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A comparison of cancer burden and research spending reveals discrepancies in the distribution of research funding

Overview of attention for article published in BMC Public Health, July 2012
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About this Attention Score

  • In the top 5% of all research outputs scored by Altmetric
  • High Attention Score compared to outputs of the same age (98th percentile)
  • High Attention Score compared to outputs of the same age and source (99th percentile)

Mentioned by

news
2 news outlets
blogs
3 blogs
twitter
64 tweeters
facebook
6 Facebook pages
video
1 video uploader

Readers on

mendeley
137 Mendeley
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Title
A comparison of cancer burden and research spending reveals discrepancies in the distribution of research funding
Published in
BMC Public Health, July 2012
DOI 10.1186/1471-2458-12-526
Pubmed ID
Authors

Ashley JR Carter, Cecine N Nguyen

Abstract

Ideally, the distribution of research funding for different types of cancer should be equitable with respect to the societal burden each type of cancer imposes. These burdens can be estimated in a variety of ways; "Years of Life Lost" (YLL) measures the severity of death in regard to the age it occurs, "Disability-Adjusted Life-Years" (DALY) estimates the effects of non-lethal disabilities incurred by disease and economic metrics focus on the losses to tax revenue, productivity or direct medical expenses. We compared research funding from the National Cancer Institute (NCI) to a variety of burden metrics for the most common types of cancer to identify mismatches between spending and societal burden.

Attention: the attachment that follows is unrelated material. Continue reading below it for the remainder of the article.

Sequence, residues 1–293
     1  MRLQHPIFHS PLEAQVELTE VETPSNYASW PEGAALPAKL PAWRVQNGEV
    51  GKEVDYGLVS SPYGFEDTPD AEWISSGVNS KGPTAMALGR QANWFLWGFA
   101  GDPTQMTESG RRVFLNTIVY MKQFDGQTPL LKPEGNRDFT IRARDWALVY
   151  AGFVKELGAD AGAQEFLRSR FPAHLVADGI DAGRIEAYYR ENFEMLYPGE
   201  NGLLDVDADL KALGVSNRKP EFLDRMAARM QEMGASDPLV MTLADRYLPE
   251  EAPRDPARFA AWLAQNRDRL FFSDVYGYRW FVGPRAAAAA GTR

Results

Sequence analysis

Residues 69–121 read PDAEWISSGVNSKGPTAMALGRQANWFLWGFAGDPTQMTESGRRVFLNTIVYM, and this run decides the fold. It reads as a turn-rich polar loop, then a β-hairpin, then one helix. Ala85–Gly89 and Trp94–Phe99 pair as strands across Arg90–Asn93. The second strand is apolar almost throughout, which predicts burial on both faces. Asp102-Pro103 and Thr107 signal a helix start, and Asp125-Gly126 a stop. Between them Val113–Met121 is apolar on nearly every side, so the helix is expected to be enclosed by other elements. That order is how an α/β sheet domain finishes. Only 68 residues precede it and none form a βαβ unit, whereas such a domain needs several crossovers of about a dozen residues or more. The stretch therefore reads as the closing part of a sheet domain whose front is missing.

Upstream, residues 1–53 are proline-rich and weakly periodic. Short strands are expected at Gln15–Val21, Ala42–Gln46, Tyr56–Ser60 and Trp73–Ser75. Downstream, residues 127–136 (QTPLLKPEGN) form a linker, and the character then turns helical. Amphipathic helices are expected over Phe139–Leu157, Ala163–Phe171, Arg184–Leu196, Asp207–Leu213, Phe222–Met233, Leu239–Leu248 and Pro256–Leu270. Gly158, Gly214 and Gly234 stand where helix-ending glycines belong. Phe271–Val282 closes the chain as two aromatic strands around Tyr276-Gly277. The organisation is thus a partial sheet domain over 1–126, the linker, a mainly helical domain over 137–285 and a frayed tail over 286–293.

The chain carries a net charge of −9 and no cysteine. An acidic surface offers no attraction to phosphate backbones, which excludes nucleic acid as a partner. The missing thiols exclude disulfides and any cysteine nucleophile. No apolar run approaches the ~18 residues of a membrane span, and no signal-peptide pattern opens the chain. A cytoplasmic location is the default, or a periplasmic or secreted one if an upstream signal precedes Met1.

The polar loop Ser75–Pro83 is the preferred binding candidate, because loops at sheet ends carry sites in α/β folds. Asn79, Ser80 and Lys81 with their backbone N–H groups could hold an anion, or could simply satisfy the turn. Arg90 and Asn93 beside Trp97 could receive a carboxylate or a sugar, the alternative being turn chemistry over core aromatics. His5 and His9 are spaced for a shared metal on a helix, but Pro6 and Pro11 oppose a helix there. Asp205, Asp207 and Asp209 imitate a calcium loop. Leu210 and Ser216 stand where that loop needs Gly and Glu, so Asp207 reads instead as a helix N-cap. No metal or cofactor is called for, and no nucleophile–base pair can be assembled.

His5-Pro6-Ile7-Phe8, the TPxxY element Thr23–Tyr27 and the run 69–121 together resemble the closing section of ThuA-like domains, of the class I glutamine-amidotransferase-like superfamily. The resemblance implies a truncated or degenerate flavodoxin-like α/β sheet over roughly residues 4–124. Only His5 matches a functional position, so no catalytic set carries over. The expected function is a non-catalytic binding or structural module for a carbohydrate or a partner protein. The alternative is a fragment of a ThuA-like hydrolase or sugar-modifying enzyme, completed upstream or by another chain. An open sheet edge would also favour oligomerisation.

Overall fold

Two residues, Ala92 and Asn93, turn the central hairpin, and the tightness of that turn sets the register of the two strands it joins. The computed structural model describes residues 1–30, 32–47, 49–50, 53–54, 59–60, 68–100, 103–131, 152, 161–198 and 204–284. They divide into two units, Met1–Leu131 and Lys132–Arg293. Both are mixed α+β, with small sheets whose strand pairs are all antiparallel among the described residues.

Twitter Demographics

The data shown below were collected from the profiles of 64 tweeters who shared this research output. Click here to find out more about how the information was compiled.

Mendeley readers

The data shown below were compiled from readership statistics for 137 Mendeley readers of this research output. Click here to see the associated Mendeley record.

Geographical breakdown

Country Count As %
United States 4 3%
Malaysia 1 <1%
Italy 1 <1%
Unknown 131 96%

Demographic breakdown

Readers by professional status Count As %
Student > Master 30 22%
Researcher 26 19%
Student > Ph. D. Student 24 18%
Student > Bachelor 15 11%
Student > Doctoral Student 9 7%
Other 19 14%
Unknown 14 10%
Readers by discipline Count As %
Medicine and Dentistry 49 36%
Social Sciences 13 9%
Biochemistry, Genetics and Molecular Biology 9 7%
Economics, Econometrics and Finance 6 4%
Agricultural and Biological Sciences 6 4%
Other 28 20%
Unknown 26 19%

Attention Score in Context

This research output has an Altmetric Attention Score of 80. This is our high-level measure of the quality and quantity of online attention that it has received. This Attention Score, as well as the ranking and number of research outputs shown below, was calculated when the research output was last mentioned on 22 April 2022.
All research outputs
#395,512
of 21,172,126 outputs
Outputs from BMC Public Health
#344
of 13,716 outputs
Outputs of similar age
#1,928
of 142,480 outputs
Outputs of similar age from BMC Public Health
#1
of 8 outputs
Altmetric has tracked 21,172,126 research outputs across all sources so far. Compared to these this one has done particularly well and is in the 98th percentile: it's in the top 5% of all research outputs ever tracked by Altmetric.
So far Altmetric has tracked 13,716 research outputs from this source. They typically receive a lot more attention than average, with a mean Attention Score of 13.6. This one has done particularly well, scoring higher than 97% of its peers.
Older research outputs will score higher simply because they've had more time to accumulate mentions. To account for age we can compare this Altmetric Attention Score to the 142,480 tracked outputs that were published within six weeks on either side of this one in any source. This one has done particularly well, scoring higher than 98% of its contemporaries.
We're also able to compare this research output to 8 others from the same source and published within six weeks on either side of this one. This one has scored higher than all of them